Drones a.k.a. unmanned aerial vehicles were once considered as military airships. It is a known fact that larger aircrafts can be controlled from larger distances. There are few drones that are very famous to deliver weapons in most efficient manner causing no harm to the humans involved. However, these drones are now developed and marketed cheaply for commercial purposes. For example a “Predator WiFi FPV Drone with HD Camera 2.4G” is available on Amazon® for just $139.99. In contrast to the benefit of a drone, its easy availability allows people with ill intentions to ruin someone’s privacy without permission or without getting noticed.


The primary goal of this article is to illustrate a few techniques which restrict drones from entering prohibited areas, so that one’s privacy shall be maintained from rouge drones and also priority areas such as home of president, parliament, airports etc can be protected from the drones that are not authorized to perform surveillance.

Few Techniques

One of the easiest ways to capture a drone is practiced by Tokyo’s Metropolitan Police Department (MPD) to watch over the prime minister’s office, and other high profile locations. They use drones with nets to trap suspicious drones. The smaller copters are easily brought down out of action as their propellers caught in the net’s mesh.

An image taken from the demonstrated video

It is observed that very few patents are filed in this domain. Most of them either talk about jamming the drone signals or overpowering a particular drone. A United States patent (# 9,529,360) discloses a method for detecting and defeating drone by capturing the control signal and overriding them by neutralizing the unmanned aerial vehicle. Furthermore, a security researcher, Rahul Sasi has developed what he claims to be the world’s first drone malware which he referred as Maldrone. He tested his malware on the AR Drone manufactured by Parrot, a Linux powered drone that can be driven by users with their smartphones or tablet over WiFi. The malware shuts off the drone’s autopilot system, causing it to drop out of the sky like a stone.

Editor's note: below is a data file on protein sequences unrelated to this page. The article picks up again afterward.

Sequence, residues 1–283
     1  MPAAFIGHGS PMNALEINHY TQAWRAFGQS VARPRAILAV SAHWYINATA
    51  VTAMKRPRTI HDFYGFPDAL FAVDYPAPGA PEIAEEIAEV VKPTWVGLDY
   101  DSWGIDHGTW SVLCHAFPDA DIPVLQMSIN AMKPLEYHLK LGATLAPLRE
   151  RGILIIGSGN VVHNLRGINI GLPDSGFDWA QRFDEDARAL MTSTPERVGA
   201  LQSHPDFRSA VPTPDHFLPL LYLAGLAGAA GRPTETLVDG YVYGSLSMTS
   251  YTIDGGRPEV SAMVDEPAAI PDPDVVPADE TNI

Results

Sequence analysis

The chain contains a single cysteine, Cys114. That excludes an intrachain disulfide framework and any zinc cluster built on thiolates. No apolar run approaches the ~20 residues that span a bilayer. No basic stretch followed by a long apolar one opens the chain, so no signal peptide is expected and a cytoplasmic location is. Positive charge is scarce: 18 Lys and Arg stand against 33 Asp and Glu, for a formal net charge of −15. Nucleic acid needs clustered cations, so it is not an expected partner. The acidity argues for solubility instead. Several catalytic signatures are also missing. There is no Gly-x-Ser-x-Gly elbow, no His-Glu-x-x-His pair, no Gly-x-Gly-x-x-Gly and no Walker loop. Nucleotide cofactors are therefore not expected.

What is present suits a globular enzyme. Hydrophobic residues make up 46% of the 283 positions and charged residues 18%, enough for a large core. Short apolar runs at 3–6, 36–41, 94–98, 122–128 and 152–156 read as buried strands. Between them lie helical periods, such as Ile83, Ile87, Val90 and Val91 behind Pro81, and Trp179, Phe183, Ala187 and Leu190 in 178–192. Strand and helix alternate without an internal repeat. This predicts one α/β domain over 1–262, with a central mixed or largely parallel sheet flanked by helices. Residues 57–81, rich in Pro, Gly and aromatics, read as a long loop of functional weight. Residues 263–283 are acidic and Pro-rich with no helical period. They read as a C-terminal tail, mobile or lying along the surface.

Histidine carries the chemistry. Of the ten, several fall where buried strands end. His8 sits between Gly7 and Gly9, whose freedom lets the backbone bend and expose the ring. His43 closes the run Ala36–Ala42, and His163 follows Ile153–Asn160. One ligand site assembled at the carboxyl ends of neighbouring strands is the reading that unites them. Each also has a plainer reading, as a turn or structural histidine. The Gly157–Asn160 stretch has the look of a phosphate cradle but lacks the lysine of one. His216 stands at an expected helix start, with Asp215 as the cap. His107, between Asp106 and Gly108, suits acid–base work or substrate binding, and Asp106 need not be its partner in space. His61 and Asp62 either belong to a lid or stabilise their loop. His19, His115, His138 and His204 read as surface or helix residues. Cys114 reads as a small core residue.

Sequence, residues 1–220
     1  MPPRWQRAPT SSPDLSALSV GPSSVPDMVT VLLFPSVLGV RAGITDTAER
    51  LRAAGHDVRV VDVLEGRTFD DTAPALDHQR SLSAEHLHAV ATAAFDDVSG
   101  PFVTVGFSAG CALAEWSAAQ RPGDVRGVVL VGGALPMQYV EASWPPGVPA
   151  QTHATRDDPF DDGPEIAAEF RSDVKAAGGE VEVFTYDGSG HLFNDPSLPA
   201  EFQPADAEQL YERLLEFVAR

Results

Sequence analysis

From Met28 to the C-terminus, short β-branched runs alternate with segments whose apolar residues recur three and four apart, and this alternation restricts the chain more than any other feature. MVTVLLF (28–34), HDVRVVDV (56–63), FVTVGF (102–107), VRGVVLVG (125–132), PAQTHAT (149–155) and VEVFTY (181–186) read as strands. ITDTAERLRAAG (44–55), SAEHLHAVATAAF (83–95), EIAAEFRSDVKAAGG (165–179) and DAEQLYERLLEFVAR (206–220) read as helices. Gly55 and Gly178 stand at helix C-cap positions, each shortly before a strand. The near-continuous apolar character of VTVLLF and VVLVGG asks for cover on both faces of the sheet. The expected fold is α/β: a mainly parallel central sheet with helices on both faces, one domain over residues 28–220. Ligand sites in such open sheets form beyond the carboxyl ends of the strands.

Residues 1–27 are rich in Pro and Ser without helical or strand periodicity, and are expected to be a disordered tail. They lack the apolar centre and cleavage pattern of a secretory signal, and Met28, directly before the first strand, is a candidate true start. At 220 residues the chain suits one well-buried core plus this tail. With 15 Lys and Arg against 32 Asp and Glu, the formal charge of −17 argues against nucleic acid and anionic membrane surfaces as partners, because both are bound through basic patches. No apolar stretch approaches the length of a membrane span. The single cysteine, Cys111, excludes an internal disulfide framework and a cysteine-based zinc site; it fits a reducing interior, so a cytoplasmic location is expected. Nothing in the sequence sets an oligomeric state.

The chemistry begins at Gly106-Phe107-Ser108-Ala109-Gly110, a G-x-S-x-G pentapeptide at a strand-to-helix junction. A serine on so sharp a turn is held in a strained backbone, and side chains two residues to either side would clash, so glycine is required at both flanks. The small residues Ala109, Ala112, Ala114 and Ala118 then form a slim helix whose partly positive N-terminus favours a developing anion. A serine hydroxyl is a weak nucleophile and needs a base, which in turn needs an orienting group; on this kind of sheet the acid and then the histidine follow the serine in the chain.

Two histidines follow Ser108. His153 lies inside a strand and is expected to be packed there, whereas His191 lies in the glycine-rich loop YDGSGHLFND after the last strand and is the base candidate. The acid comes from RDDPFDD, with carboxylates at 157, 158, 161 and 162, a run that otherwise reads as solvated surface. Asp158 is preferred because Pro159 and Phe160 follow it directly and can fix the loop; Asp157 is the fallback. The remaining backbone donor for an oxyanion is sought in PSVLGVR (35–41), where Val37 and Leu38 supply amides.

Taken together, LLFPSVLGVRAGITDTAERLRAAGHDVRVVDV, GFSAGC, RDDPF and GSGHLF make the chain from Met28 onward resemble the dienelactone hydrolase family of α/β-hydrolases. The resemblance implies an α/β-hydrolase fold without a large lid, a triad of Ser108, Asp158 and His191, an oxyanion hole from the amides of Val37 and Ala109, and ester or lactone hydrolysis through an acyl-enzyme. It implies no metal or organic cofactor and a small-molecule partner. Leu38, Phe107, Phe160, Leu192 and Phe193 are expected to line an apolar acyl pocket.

A business entity named Blighter Surveillance Systems provides products/systems which restricts/disables a drone to enter into the sky of a private property such as AUDS (Anti-UAV Defense System), A400 series air security radars, etc; and Chess Dynamics’ Hawkeye Deployable Systems are among the few. These are designed to detect, disturb and deactivate unmanned aerial vehicles (UAVs), and remotely piloted aircraft systems (RPAS) engaged in hostile airborne surveillance and potentially malicious activity.


Similarly, there is another manufacturer called Drone Shield who provides various solutions to counter rouge drones. The most interesting is the “DroneShield On-Site Processor” that collects audio data from DroneShield sensors and matches it to a set of preloaded acoustic signatures in the database even in the absence of an internet connection. When the signatures match, then the processor issues immediate alerts via SMS, email, or alarm systems.

Market growth

Market research shows that by 2022, the anti-drone revenue may reach USD 1.14 Billion at a CAGR of 23.89% from 2017 to 2022. The market growth is based on varied parameters such as large number of security breaches by the anonymous drones and a steep rise in the terrorist and illegal activities in the recent days.

Key Participants:

  • Anti-drone system designers, integrators, buyers, resellers and manufacturers
  • Army and homeland security agencies
  • Government and private companies


At the end of the day, defending a drone by just shooting at them by a rifle is not always the solution. This fact leads to the development of advanced drone neutralizing/capturing equipments such as drone guns or drone deactivators, so one can point the weapon towards the drone and bring it down. Other techniques such as unique RADARs, Wi-Fi disablement, malicious codes or hijacking can also be used as Anti-drone systems. It looks like the field of anti-drone systems is slowly escalating, to deal with the possible security threats looming around.